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KY Afield Outdoors: Leave young wildlife alone this time of year
'People want to help the animals they feel are in danger. Their help is often a curse instead of a blessing. Humans are no substitute for natural parents.' - LEE McCLELLANClick on headline for complete story with photo(s)
Next earlier KY Afield Outdoors column: KY Afield: Striped bass coming back at Lake Cumberland . Posted May 4, 2014
By Lee McClellan
Associate Editor, KY Afield Outdoors
FRANKFORT, KY - It is a demonstration of the best traits of the human race, but can end in error.
At this time of year, people see young wildlife seemingly abandoned by their parents. Deer fawns left alone in a grassy field. Baby birds that fall from their nests, seemingly helpless in your backyard.
These events bring out the compassion that marks some of the better angels of human nature. People want to help the animals they feel are in danger. Their help is often a curse instead of a blessing. Humans are no substitute for natural parents.
Baby birds spend time on the ground before they can fly
"Baby birds, when they leave the nest, they look young and defenseless," said Kate Heyden, avian biologist for the Kentucky Department of Fish and Wildlife Resources. "They really are not abandoned. They are still being cared for by their parents. They look awkward, but they spend some time on the ground before they can fly."
Heyden said if a landowner finds a bird fallen from a nest that lacks feathers and seems naked, you may want to call a wildlife rehabilitator, as this bird likely fell out of the nest prematurely. Birds that leave the nest at the proper time do have feathers. Most songbirds are protected by federal law.
It is illegal to keep a baby bird and raise it home
"It is illegal to keep a baby bird and raise it in your home," Heyden said. "It is also not a good idea." To find a list of wildlife rehabilitators, go to Kentucky Fish and Wildlife's webpage at fw.ky.gov and click on the "Wildlife" tab, then "Injured and Orphaned Wildlife."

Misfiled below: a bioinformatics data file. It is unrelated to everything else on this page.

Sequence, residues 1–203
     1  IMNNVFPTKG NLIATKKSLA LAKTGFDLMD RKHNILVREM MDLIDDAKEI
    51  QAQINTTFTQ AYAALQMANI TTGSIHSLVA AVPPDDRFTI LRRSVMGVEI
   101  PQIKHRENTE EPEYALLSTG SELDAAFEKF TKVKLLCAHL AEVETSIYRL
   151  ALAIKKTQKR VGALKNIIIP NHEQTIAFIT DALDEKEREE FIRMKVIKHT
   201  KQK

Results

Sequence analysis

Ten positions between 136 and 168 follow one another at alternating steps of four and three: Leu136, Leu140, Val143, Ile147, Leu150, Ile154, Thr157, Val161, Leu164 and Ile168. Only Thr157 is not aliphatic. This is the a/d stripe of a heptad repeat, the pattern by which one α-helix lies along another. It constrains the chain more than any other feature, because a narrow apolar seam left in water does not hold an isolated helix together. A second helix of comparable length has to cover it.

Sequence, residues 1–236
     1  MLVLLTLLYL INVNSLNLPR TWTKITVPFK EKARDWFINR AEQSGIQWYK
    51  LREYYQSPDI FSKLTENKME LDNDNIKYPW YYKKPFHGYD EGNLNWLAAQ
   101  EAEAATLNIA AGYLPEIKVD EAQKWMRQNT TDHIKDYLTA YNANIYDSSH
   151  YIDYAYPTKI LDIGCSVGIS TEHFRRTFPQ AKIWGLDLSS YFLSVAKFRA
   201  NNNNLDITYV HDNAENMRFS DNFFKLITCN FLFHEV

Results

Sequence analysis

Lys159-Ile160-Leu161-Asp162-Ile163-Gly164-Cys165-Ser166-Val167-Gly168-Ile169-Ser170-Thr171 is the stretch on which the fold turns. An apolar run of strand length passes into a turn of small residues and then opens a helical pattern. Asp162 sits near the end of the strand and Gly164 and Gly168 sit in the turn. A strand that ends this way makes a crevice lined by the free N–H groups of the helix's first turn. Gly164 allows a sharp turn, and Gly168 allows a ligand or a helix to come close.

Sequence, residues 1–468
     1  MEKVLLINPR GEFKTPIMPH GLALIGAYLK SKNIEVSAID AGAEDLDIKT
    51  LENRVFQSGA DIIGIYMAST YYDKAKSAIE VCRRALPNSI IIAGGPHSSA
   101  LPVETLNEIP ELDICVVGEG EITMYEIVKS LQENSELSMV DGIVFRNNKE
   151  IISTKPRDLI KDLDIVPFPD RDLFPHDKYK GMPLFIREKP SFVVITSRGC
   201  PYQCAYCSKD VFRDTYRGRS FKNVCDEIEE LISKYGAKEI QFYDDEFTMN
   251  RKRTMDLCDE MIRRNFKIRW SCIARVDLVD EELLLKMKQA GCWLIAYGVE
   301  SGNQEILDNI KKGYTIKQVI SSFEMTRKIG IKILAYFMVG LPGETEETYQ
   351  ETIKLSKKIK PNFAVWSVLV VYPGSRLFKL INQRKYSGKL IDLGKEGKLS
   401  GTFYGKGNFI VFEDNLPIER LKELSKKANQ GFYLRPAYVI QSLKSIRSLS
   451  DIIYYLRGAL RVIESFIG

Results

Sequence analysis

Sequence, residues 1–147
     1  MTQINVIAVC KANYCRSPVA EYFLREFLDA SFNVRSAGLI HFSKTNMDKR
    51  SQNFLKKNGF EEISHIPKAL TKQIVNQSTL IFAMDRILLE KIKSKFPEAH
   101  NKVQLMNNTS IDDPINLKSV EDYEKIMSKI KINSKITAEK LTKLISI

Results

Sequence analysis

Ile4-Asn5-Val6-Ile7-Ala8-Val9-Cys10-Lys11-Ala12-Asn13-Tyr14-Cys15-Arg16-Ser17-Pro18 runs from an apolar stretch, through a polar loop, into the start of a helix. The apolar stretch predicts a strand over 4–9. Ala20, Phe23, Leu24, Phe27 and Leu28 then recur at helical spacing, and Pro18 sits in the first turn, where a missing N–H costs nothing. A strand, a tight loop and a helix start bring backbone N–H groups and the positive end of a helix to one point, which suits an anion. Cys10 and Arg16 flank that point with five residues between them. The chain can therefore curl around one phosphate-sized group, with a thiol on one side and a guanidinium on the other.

Robins often make nests in unusual places at this time of year. They may nest on top of porch lights, the crook where the gutter downspout meets the house or on or in a child's play set in the backyard. This alarms homeowners.
Just leave robins nests alone
"Just leave them alone and the nest won't hurt anything," Heyden said. "For most songbirds, you are talking about a month for the whole breeding cycle."
Observe nests from a distance and don't touch nests or eggs. This may cause the parents to abandon the nest. Landowners often find white-tailed deer fawns in the coming weeks while mowing fields or people see them at the edge of the woods by themselves. The mother is nowhere to be found.
Leave fawns alone . . . the mother is close by
"Leave the fawn alone, they've not been orphaned or abandoned," said Gabe Jenkins, deer biologist for Kentucky Fish and Wildlife. "The mother is close by."
If a threatening presence comes close to the fawns, the mother will run off to draw the danger toward her and away from her fawns. Newborn deer stay bedded in tall weeds or grass for the first few weeks of life until strong enough to keep up with their mother.
"If you are forced to move a fawn while mowing a field, set the fawn off in the tall weeds where it can hide," Jenkins recommended. "The mother will return in the evening. Fawns are almost scentless and their spots help them hide in the weeds."
Don't take young rabbits as pets
People often find rabbit nests in overgrown areas of their yards at this time of year. Again, the best advice is to leave the nest and the young alone. Similar to white-tailed deer, the mother is close by and only visits the nest in the low light periods of early morning and dusk to feed the young. This avoids drawing predators to the nest. The newborn rabbits stay in the nest from two to three weeks before they start eating green plants and leave. Keep away from the nest and don't take the young rabbits as pets.
If you find young wildlife over the next several weeks, leave them alone and let nature take its course. Wildlife for millennia successfully reared and raised young without human intervention. - LEE McCLELLAN<
Author Lee McClellan is a nationally award-winning associate editor for Kentucky Afield magazine, the official publication of the Kentucky Department of Fish and Wildlife Resources. He is a life-long hunter and angler, with a passion for smallmouth bass fishing.
This story was posted on 2014-05-09 02:27:51
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